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Leadership Styles: Which One Are You?

business leadership leadership leadership styles leadership training new leaders Sep 05, 2022

Leadership style is the way that a person leads. It is the way that they inspire, motivate and make decisions. There are many different leadership styles, but most can be grouped into four categories: authoritarian, participative, delegative, or laissez-faire. 


1. Authoritarian Leadership Style

The authoritarian leadership style, also known as the autocratic leadership style, is when one person has all the power and makes all the decisions. This type of leader doesn’t consult with their team or consider other people’s opinions. Instead, they tell their team what to do and expect it to be done without question. The authoritarian leadership style can be effective in certain situations, such as when there’s a clear goal that needs to be achieved and there’s not much time to waste. However, this leadership style can also lead to problems. For example, team members may feel unengaged and resentful and may not be motivated to do their best work. In addition, the leader may not be aware of important information that could help them make better and more accurate decisions. Overall, the authoritarian leadership style has both strengths and weaknesses, and it’s important to consider these before using this leadership style.


2. Participative Leadership Style

The participative leadership style, also known as the democratic leadership style, is when the leader involves their team in decision-making. This type of leader will solicit input from their team and then decide based on what would be best for the team as a whole. The benefit of this leadership style is that it allows all team members to feel like they have a say in how decisions are made. This can help to build trust and commitment within the team. Additionally, this leadership style can help develop problem-solving skills among team members. The downside of participative leadership is that it can take longer to make decisions as there is more discussion and debate involved. Additionally, not all team members may be comfortable with this level of involvement. Therefore, it is essential for leaders to assess their team dynamic before implementing a participative leadership style.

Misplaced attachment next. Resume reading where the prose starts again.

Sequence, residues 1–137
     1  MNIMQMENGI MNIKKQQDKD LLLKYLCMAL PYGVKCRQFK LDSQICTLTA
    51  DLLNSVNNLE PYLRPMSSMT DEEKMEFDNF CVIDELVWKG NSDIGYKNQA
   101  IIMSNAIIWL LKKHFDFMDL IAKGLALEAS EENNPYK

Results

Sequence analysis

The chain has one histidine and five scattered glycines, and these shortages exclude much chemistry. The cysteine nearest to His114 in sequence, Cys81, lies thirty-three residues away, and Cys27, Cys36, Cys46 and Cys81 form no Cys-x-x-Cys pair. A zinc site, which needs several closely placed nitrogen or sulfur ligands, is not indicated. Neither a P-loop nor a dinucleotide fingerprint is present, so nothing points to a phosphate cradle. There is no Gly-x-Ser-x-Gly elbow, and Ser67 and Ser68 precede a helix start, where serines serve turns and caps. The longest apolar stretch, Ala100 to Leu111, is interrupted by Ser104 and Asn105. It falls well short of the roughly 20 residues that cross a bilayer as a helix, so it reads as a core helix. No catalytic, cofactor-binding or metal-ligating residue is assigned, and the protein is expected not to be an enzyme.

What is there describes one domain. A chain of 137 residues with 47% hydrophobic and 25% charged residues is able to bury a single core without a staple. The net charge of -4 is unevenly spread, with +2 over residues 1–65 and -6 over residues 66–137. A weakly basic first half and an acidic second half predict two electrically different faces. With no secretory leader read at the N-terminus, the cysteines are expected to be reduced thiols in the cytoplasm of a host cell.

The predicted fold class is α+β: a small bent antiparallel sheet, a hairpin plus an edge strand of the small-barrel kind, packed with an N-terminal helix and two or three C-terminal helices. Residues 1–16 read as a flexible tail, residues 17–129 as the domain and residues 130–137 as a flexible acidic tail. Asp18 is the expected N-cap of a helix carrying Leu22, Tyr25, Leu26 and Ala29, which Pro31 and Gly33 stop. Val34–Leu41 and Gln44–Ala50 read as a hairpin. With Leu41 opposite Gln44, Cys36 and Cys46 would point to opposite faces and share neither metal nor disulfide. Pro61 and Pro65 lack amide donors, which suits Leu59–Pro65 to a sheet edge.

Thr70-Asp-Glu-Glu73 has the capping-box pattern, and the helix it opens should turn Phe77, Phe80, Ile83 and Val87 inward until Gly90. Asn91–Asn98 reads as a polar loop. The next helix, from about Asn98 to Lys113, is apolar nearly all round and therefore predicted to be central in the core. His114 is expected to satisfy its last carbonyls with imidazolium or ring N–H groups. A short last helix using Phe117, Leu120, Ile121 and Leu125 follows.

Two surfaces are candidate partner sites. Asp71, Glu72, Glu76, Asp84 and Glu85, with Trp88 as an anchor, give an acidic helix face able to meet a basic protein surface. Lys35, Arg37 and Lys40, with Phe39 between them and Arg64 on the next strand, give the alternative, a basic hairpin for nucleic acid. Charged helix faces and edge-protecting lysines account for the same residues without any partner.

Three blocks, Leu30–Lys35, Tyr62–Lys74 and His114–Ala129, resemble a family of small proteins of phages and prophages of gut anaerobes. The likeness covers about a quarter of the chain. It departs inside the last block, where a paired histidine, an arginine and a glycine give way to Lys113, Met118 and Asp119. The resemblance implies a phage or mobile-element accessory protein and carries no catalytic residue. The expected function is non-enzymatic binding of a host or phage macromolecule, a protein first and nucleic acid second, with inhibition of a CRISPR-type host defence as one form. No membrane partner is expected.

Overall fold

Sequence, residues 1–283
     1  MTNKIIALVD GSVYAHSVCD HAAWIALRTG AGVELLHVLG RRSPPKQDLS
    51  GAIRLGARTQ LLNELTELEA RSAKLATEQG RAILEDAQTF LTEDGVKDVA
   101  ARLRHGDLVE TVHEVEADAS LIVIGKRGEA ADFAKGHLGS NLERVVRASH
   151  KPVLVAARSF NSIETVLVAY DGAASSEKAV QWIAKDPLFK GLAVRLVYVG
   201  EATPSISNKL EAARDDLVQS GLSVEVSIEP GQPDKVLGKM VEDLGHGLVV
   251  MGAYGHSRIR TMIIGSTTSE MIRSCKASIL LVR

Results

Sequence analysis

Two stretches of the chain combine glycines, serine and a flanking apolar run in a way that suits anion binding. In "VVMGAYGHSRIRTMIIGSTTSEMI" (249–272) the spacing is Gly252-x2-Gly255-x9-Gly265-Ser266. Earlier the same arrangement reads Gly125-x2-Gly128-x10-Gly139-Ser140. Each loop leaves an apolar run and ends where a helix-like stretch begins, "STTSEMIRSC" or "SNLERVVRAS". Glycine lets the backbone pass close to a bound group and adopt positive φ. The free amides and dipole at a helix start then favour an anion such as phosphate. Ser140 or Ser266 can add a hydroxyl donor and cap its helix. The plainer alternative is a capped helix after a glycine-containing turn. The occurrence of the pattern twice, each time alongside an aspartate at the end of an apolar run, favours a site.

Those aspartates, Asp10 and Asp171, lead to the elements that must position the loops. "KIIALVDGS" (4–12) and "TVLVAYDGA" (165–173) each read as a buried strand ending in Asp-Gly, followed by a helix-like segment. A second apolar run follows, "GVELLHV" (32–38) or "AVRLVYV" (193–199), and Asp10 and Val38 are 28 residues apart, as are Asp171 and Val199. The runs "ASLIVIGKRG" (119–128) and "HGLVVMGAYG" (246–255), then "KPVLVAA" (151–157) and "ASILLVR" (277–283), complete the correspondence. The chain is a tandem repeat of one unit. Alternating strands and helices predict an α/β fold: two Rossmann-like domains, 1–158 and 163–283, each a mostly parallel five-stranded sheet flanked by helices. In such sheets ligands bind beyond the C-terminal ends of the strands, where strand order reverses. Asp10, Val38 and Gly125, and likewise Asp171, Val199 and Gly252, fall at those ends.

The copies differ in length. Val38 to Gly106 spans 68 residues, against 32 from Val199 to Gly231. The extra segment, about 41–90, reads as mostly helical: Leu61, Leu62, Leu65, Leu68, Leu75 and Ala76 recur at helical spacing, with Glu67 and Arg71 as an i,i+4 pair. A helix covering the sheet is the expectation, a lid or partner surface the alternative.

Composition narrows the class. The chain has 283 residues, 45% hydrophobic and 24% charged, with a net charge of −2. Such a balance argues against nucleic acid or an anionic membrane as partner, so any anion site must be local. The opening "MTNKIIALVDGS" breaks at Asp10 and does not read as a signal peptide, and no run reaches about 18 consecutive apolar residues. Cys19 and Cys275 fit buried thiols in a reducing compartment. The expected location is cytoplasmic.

3. Delegative Leadership Style

The delegative leadership style, also known as the free-rein leadership style, is when the leader delegates tasks and trusts their team to get them done without much supervision. This type of leader provides their team with guidelines and then lets them get on with the task at hand. Delegative leadership is most effective in situations where the team is experienced and knows what needs to be done. This leadership style can lead to high levels of motivation and empowerment as team members feel trusted and valued. However, it can also lead to chaos if the team is not adequately organized or lacks clarity about the task at hand. For this reason, delegative leadership should be used judiciously and only in situations where the team is capable of meeting the challenge.


4. Laissez-Faire Leadership Style

The laissez-faire leadership style, also known as the hands-off leadership style, is one that allows the team to work independently with little to no supervision. This type of leadership is based on the trust that the team will be able to complete the task at hand and only seeking help or intervention when absolutely necessary. This leadership style can be beneficial in situations where the team is experienced and knows what needs to be done. In these cases, the leader can step back and let their team work without having to offer help or supervision constantly. However, this leadership style can also be problematic if the team is inexperienced or unsure of what needs to be done. In these cases, the lack of guidance from the leader can lead to confusion and ultimately result in a lower quality of work. Therefore, it is crucial for leaders to carefully consider whether the laissez-faire leadership style is appropriate for their team before adopting this approach.


Once you know your predominant leadership style, you can start to work on becoming a more effective leader by using a mixture of styles depending on the situation. For example, suppose you tend to use an authoritarian leadership style but work with a highly skilled and experienced team. In that case, a delegative or laissez-faire leadership style might work better so that your team can use their skills and experience to get the job done without micromanagement from you. 


 Knowing your predominant leadership style is just one step on the road to becoming an effective leader, but it’s an important one nonetheless. If you’d like to learn more about effective leadership, check out our blog or sign up for one of our courses today!


By: S.J. Morris                                                                                                                             Sep 5, 2022

      Founder & CEO 

      Renowned Leadership LLC

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